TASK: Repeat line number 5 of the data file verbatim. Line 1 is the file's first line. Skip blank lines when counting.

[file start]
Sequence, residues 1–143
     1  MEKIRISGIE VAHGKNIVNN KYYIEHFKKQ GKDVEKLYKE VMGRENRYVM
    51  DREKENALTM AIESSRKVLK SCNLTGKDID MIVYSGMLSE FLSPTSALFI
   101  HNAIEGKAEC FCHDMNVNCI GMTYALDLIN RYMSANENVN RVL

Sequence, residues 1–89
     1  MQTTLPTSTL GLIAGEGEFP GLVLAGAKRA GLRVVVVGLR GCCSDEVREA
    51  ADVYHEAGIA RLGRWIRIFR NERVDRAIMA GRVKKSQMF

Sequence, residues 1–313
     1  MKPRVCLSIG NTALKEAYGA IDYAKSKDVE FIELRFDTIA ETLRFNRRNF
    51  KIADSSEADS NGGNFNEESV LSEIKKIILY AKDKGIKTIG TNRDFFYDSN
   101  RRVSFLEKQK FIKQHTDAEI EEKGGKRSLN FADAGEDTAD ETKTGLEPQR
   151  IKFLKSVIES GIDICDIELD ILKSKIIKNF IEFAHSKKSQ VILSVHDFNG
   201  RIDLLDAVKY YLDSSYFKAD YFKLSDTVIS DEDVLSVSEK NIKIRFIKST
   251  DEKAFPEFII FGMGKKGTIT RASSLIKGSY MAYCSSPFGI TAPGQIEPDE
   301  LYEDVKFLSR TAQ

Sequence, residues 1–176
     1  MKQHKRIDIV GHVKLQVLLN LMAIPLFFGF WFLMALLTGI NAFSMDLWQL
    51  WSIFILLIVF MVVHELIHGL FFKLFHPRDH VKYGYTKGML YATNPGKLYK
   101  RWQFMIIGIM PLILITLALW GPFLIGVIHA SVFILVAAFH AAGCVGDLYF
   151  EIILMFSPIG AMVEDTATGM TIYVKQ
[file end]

Sequence, residues 1–89